In an interview, an employer is looking to determine factors such as skills and abilities, experience, company fit, personal qualities, and interests. If you have already secured an interview, be confident in the fact that you already have the basic skills and qualifications an employer is looking for.
Different types of interviews
One-on-ones are the most common interview format, where you meet individually with an employer or recruiter.
At the start of the interview, break the ice by asking casual questions or making small talk. For example, ask how they are doing, thank them for taking the time to meet with you or make a comment about your environment. This will help you relax and connect with the employer.
Panel interviews consist of 2 or more interviewers taking turns asking questions.
Try to make eye contact with all the interviewers when answering a question, not just the individual who asked it.
Employers may hold group interviews to screen multiple candidates at once. These interviews may also involve a group activity that requires applicants to work together to solve a problem or complete a task.
Don’t think of it as a competition, but rather an opportunity to demonstrate your ability to work in a team environment. Listen to your fellow interviewees and be open to their ideas.
Phone or video interviews
Phone or video interviews are often used as the first step in the interview process; they may also be used throughout the interview process, especially if the employer and interviewee are located in different regions. Like an in-person interview, a phone or video interview can involve speaking with one or more people.
In a phone interview, verbal communication skills are important because the employer can’t see your facial expressions or gestures. Smiling when speaking into the phone can help show enthusiasm through your voice.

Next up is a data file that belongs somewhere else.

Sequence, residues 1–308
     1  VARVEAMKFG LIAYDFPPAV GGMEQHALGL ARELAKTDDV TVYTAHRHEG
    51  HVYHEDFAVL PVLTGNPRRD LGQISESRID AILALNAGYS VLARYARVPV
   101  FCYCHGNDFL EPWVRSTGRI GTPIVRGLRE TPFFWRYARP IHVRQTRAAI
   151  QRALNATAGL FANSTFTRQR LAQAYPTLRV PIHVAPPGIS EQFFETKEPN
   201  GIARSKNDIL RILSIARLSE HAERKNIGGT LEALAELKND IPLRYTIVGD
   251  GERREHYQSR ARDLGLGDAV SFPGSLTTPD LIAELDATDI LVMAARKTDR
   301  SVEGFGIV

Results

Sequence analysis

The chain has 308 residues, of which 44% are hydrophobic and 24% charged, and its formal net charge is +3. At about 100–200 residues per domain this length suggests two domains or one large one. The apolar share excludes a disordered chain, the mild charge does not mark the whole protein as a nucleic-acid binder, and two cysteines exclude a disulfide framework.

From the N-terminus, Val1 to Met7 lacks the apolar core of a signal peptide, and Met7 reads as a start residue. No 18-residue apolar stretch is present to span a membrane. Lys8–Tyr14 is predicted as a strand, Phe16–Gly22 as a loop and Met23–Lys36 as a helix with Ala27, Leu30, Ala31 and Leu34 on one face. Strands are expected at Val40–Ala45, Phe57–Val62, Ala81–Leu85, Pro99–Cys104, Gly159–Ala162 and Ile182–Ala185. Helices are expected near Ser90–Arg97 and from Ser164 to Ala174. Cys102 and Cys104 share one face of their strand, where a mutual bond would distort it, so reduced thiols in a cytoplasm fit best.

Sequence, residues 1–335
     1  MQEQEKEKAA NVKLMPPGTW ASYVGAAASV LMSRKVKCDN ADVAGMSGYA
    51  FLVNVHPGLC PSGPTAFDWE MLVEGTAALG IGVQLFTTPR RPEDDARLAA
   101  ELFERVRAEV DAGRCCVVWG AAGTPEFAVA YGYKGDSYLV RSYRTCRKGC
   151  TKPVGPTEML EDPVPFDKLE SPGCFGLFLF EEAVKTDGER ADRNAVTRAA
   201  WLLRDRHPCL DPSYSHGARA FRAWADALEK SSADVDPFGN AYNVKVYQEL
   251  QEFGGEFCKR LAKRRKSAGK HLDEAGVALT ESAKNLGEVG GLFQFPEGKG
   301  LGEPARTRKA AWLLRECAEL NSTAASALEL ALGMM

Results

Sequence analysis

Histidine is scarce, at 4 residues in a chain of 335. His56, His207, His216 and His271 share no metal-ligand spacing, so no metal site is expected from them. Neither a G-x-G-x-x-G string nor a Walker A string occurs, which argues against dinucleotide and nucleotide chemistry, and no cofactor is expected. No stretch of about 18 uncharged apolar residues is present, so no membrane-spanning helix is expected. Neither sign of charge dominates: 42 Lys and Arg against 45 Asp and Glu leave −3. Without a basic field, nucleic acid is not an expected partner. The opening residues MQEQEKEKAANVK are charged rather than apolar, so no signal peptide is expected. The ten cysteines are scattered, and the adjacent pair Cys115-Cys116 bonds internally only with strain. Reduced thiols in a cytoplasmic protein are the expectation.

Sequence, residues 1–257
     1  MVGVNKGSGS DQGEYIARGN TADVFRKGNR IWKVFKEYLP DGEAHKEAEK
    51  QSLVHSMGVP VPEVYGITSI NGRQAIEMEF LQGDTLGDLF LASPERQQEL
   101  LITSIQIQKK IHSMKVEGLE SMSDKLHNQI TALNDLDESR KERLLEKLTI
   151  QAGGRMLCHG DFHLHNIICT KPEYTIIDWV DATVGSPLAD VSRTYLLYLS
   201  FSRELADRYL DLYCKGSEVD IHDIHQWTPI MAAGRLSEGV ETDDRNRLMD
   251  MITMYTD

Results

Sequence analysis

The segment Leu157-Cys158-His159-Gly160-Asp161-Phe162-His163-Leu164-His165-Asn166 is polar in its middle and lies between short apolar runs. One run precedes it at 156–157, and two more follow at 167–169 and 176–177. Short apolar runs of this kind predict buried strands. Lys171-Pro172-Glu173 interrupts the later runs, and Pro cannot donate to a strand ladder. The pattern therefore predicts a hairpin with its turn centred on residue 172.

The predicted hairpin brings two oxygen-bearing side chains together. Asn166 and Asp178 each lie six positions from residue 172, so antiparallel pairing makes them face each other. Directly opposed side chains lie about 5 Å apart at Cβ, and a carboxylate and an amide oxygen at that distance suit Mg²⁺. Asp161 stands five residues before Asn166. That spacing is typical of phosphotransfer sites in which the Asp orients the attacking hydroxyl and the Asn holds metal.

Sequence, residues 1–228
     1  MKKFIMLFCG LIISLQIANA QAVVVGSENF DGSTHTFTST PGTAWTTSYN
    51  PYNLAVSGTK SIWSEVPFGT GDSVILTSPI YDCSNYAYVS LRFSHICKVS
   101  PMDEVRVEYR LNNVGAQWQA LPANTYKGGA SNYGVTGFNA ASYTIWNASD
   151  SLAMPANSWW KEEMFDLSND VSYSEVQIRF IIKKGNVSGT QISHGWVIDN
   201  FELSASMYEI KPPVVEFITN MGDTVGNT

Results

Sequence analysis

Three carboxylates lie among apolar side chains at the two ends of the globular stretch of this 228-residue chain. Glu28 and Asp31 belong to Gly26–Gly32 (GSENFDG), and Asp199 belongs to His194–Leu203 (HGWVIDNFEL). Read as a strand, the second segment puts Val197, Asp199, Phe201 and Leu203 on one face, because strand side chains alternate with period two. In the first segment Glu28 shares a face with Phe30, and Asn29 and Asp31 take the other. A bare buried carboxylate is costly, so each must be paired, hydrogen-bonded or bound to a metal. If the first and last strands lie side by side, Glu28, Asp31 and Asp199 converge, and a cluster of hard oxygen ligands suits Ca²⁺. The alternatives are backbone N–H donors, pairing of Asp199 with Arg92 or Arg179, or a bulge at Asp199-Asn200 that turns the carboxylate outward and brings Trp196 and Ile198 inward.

Candidates may sometimes be asked to record videos of themselves responding to interview question prompts without the presence of an interviewer. These are known as one-way video interviews or asynchronous video interviews. More employers are introducing these interviews to reduce hiring time, cost, conscious and unconscious bias, as well as to promote collaborative decision-making..
Before having an asynchronous video interview, check your computer video, audio, and internet connection. Make sure to also familiarize yourself with the online chat software program. Dress professionally as you would for an in-person interview to put yourself in an interview frame of mind.
Before the interview
First, do your research
It is important that you understand what the role is like, in addition to company values and the work you will be doing.
Review the position description and highlight specific skills or personal qualities that the employer mentions. Prepare stories and responses to address these concerns.
Review the company website and social media pages to equip yourself with an understanding of current goals or priorities. Researching the company or organization will help you gain a better understanding of who they are and what they do. Make sure you also prepare questions about the organization, role, or team culture to ask during the interview.
If you have an asynchronous video interview, there are different softwares you may be asked to use. Read all the instructions in advance to avoid confusion during the interview.
Interviewing is a learned skill that can be improved with practice. Practice your responses to typical interview questions with a friend or family member to get comfortable telling your stories and answering questions about your experiences.
It can help if you research potential questions online and note down sample responses or examples from your past experiences.
If you have an asynchronous video interview, check your background and make sure you get the lighting right, not too dark or bright. If possible, make a short demo video to observe what you sound and look like.
Bring extra copies of your resume and have a list of your references on a separate sheet of paper ready to hand over.
You may want to bring a pen and notebook to jot down any important notes. In some cases, you may wish to bring a tablet or laptop to show your digital portfolio in person.
Plan your route to the interview beforehand. Double-check the location and map your route via public transit or figure out where to park before the interview.
Arrive 5 to 10 minutes before the start of your interview. Arriving too early can be bothersome to employers, who may have other interviews and appointments before you, and waiting too long can increase your nervousness.
If you have an asynchronous video interview, click “Start” and check the series of questions you must respond to, plan what you will say for those questions, and estimate the time spent if there is a time limit. Usually, you’ll have limited time to read the question. Write down keywords and ideas instead of a whole script.